Man City drifts away from Liverpool and Chelsea as the Premier League adjusts to the pandemic chaos

The luck of how Covid affects each individual squad directly affects the course of the season

USA About: Liverpool Publish: 12/20/2021 Edit: 12/20/2021 Author: Gardener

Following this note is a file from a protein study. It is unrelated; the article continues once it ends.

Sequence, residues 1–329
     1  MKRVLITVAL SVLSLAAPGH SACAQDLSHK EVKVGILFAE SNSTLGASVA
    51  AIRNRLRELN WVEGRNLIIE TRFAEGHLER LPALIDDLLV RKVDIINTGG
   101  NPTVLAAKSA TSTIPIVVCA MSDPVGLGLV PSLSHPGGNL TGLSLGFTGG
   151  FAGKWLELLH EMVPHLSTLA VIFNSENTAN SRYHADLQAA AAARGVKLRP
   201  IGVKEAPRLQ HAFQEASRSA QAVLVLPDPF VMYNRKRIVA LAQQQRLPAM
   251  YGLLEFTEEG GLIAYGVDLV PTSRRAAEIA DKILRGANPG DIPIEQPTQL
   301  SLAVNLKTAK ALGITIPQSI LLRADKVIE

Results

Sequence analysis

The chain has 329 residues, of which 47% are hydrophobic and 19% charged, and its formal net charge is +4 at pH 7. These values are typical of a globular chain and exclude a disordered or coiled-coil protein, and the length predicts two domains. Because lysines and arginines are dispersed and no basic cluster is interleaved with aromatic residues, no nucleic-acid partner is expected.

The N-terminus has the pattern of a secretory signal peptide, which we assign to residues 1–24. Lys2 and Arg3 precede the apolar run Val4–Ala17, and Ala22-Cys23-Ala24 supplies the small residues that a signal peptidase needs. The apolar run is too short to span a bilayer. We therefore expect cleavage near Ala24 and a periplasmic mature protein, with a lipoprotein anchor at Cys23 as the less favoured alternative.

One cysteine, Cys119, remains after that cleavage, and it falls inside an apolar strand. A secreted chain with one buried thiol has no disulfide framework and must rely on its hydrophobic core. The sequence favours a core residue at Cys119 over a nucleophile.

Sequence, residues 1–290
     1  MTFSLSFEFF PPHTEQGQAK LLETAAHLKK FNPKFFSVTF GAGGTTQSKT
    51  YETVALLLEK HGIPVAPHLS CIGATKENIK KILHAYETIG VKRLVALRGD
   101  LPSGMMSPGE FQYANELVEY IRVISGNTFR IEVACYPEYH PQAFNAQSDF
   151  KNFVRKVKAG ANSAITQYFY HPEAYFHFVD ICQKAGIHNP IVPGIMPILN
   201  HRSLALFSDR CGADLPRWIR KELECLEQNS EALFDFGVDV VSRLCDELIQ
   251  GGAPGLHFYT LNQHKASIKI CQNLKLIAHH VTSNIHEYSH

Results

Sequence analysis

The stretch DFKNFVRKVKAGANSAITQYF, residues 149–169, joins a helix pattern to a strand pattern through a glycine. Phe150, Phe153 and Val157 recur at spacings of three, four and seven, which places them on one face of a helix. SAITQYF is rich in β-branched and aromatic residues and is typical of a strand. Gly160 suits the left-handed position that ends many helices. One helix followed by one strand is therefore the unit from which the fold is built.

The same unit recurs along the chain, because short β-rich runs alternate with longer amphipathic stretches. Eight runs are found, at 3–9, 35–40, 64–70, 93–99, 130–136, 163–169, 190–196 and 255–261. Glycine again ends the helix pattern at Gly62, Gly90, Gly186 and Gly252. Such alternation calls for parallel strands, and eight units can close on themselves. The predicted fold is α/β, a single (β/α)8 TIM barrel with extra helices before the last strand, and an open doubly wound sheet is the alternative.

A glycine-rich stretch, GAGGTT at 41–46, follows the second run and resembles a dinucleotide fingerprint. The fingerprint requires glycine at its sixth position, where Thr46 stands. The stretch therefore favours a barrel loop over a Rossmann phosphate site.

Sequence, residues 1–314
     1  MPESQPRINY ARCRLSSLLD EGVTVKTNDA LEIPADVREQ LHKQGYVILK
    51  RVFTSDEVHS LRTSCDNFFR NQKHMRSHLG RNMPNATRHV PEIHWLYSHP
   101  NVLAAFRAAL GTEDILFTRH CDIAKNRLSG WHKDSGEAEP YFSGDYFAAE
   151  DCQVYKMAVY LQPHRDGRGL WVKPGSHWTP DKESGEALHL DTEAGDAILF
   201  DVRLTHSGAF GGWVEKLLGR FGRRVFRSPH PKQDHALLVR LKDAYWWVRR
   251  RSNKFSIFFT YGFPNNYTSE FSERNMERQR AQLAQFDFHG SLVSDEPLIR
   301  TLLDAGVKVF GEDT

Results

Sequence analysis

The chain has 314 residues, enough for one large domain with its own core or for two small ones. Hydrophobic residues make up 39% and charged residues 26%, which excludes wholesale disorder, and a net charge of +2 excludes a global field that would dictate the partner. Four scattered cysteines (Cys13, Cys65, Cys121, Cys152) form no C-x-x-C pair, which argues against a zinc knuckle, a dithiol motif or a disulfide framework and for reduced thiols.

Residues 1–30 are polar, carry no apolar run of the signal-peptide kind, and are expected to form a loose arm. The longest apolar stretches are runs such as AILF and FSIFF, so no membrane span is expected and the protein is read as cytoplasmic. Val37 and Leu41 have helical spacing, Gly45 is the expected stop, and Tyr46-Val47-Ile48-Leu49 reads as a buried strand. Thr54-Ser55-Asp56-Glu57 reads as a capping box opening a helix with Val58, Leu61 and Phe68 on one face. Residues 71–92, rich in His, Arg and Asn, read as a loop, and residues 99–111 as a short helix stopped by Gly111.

Man CityFor a weekend with the least amount of football played, it could be the most momentous time of the season. It's certainly hard to believe that it could be decisive in the title race when three likely turned into two and one went clean. Chelsea fell a massive six points behind the leaders because the squad was big enough to take on so many first-team players. Liverpool lacked most of their midfield as well as star defender Virgil van Dijk so he could only draw against Tottenham Hotspur, which they often overwhelmed them. Much of their 2-2 tie involved a lot of debate over whether Spurs' own Covid-Forced hiatus was actually benefiting them. Their team of seemingly interchangeable starters drove past Newcastle United to have a full three points ahead of the lead. Likewise, you can't escape the feeling that luck, how Covid affects every single squad, directly affects the season. That's a pretty annoying idea, because it contradicts the - albeit often misguided - founding idea that every season there is completely balanced competitive conditions, everything on the pitch is clear and the final placements are ultimately deserved. It feels wrong that such a hallowed success as the English title may be decided by blind luck and how something else - anything else - can certainly be done. The Premier League can wait for the perfect situation to settle down, but good luck with that. This is an ongoing pandemic where the omicron variant is devastating our lives, not to mention football. It is probably more than likely that at some point we will not achieve the "perfect" situation. Now football can only adapt, and that is all the more urgent when the game is so lucrative. That may seem blatant, and one element of the double thinker underscores this whole debate. The Premier League sells itself on its competitive strength, but one live argument - and one that is brought up by many at the meetings of the competition - is that the current circumstances are damaging its competitive integrity; that the selling point is negated. The immense wealth of the game comes in part from the glamorous scale of the show, which led Qatar to want a World Cup and that World Cup had to be rescheduled for winter. This leaves very little calendar space, which only adds to the pressure on debates about when to play games. The Premier League is still anticipating the cost of the 2020 initial hiatus. The bottom line is that players may earn a lot less if the show is interrupted or restricted. This was made clear to the teams in all discussions about Project Restart. It undoubtedly involves many compromises, but ultimately most will accept them. There are then exactly the rules for the postponement that the clubs have committed to. It depends on the number of players available, whether a training site was closed when a team requested it, and whether an outbreak was controlled or "uncontrolled". With the latter, a game is most likely to be postponed because there is a risk of contagion for the entire squad as well as the opponent and everyone else involved. All of this is similarly in contrast to health and safety, which is a top priority, and the need to play games where they can be played. That was one of the other ironies of the last game on Sunday at Spurs. The breaker discussed earlier in the week may have resulted in this game being canceled unnecessarily. And of course, Tottenham Hotspur were still recovering from their own breakout while Liverpool missed a core of players. It still produced a classic "great advert" for the Premier League because the game was so good. There is another irony in the fact that it could hurt the title race in the long run as Liverpool were unable to keep up with City at a lesser strength. Of course, waiting for this is not perfect. But waiting for perfect conditions is of course impossible. It's just an adjustment thing that the Premier League has likely done pretty well so far.


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